Your one stop pundit shop.
Eugene Robinson, as usual, nails it:
Republicans' outrage, both real and feigned, at Sotomayor's musings about how her identity as a "wise Latina" might affect her judicial decisions is based on a flawed assumption: that whiteness and maleness are not themselves facets of a distinct identity. Being white and male is seen instead as a neutral condition, the natural order of things. Any "identity" -- black, brown, female, gay, whatever -- has to be judged against this supposedly "objective" standard.
Sarah Palin joins a long list of incompetent pundits in the Washington Post today, to talk about cap and trade. You'll be shocked to learn that she opposes it.
Richard Cohen says, "Socialized medicine? Bring it on."
In the past two months, I have spent many hours accompanying a loved one to hospital emergency rooms -- all of them privately operated. The rap on what is sometimes called socialized medicine is that if the government ran the system, the wait would be interminable. Well, I am here to tell you that even when the government does not run the system, the wait can be interminable.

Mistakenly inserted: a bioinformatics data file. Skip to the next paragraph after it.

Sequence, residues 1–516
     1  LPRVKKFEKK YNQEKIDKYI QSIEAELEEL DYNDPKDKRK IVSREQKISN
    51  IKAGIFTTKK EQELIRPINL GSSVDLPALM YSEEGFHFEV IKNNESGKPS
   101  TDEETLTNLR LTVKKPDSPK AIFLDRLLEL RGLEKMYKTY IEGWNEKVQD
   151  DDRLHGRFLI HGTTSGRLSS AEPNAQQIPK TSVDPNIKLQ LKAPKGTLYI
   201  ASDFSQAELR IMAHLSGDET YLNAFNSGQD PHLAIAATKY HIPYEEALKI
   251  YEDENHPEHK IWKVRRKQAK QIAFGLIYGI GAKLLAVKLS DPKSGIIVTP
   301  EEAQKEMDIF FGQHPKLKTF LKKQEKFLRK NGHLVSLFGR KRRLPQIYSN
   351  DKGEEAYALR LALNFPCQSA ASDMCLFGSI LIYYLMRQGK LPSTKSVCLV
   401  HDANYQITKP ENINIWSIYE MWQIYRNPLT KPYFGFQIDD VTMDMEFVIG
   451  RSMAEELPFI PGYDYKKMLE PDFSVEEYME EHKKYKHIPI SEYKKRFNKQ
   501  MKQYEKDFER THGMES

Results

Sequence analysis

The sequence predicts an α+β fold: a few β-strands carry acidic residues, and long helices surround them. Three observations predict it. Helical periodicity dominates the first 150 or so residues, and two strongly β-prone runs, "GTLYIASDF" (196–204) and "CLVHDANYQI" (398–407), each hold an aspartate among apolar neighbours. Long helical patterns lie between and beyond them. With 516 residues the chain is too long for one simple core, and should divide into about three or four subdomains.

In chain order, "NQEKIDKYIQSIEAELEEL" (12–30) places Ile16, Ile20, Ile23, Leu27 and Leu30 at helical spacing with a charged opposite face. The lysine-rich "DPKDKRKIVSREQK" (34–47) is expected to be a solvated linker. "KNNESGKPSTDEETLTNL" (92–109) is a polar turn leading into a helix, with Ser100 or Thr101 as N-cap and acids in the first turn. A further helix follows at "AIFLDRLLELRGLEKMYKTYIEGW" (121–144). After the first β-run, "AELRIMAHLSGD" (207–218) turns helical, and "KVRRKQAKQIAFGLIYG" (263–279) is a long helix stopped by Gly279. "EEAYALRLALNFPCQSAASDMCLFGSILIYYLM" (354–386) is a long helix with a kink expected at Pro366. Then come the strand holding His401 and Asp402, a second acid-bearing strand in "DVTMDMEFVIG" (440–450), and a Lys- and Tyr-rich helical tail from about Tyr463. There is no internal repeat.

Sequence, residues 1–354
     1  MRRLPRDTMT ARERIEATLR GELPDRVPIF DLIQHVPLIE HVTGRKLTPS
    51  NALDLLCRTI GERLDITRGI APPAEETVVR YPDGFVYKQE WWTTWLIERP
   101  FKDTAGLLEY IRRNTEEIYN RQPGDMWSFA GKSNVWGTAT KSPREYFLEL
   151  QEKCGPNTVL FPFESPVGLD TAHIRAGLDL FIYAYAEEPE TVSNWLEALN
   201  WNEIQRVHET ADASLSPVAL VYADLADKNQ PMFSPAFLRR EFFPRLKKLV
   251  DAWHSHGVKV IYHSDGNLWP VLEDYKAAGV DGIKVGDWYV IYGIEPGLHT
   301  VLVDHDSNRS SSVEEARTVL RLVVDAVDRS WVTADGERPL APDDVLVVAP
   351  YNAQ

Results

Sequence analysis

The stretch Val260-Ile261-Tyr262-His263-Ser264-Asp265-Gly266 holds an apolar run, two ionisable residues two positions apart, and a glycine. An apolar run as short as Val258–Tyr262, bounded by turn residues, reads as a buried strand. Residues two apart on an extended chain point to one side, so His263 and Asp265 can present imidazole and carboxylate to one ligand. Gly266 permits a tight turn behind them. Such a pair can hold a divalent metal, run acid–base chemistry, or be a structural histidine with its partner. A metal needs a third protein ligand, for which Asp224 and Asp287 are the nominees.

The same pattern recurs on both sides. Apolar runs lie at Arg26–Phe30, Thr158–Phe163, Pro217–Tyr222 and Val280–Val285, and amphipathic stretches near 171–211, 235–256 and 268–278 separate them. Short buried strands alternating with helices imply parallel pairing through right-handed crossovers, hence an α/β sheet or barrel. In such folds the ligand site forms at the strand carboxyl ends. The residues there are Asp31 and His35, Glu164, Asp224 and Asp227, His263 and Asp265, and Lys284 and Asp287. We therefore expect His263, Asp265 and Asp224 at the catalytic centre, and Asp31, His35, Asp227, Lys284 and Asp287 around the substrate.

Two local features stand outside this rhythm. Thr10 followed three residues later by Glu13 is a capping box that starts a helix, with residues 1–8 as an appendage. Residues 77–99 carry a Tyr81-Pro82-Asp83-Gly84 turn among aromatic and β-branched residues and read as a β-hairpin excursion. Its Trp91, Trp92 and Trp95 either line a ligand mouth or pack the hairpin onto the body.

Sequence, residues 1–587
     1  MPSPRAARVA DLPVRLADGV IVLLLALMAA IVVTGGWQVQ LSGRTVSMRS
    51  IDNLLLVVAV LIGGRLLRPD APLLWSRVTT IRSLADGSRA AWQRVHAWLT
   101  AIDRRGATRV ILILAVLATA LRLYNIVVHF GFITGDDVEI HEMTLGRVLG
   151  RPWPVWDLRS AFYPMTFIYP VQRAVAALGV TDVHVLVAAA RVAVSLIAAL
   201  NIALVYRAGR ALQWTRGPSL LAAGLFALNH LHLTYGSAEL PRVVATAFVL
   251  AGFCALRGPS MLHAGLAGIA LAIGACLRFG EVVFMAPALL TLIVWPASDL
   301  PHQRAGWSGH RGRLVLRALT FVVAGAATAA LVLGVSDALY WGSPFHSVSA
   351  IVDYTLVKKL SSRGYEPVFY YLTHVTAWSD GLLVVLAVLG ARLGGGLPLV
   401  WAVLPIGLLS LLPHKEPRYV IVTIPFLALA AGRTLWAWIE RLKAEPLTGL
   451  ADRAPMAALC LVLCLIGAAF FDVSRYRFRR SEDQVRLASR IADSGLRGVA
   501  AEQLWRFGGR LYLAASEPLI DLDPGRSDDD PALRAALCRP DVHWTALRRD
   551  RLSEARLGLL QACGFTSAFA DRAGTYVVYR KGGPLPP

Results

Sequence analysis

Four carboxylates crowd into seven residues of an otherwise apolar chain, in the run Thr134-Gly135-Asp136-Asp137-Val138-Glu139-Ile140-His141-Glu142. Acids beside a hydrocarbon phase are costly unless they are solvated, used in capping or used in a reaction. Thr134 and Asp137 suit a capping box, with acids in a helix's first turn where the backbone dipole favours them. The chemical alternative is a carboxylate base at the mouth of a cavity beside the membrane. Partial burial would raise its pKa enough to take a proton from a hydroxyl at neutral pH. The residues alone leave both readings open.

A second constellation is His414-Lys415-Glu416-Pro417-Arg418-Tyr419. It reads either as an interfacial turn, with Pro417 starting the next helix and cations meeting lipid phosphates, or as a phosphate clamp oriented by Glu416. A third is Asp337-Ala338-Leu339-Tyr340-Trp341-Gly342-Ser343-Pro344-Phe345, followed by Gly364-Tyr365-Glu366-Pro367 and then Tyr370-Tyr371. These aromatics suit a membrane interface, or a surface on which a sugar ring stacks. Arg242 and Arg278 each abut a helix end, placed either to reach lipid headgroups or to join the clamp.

David Brooks looks at the relationships Sonia Sotomayor has had in her life.
William McGurn on Catholicism and Sonia Sotomayor:
If the indifference to Ms. Sotomayor's Catholicism were truly a sign of a new respect for the "no religious test" provisions of the Constitution, that would be something to celebrate. But in the unlikely case that this "wise Latina" ever comes to see the legal wisdom of overturning Roe and returning abortion to the democratic process, we'll be reading a very different story.
Ned Holstein and Glenn Sacks say that we can't ignore domestic violence perpetrated by women.
Derrick Z. Jackson on needle exchange programs:
This is of little interest to some Republicans, such as Todd Tiahrt of Kansas, the ranking Republican of the House subcommittee, who said he was “very concerned’’ about the elimination of the ban. He still clings to the disproved notion that clean needles promote drug use. It is time, with the House having taken the lead, for Obama to get out front and say once and for all that science takes the front seat to ideology. Some issues are too critical to the very lives of Americans to wait to “build support.’’
Jesselyn Radack discusses cyber security.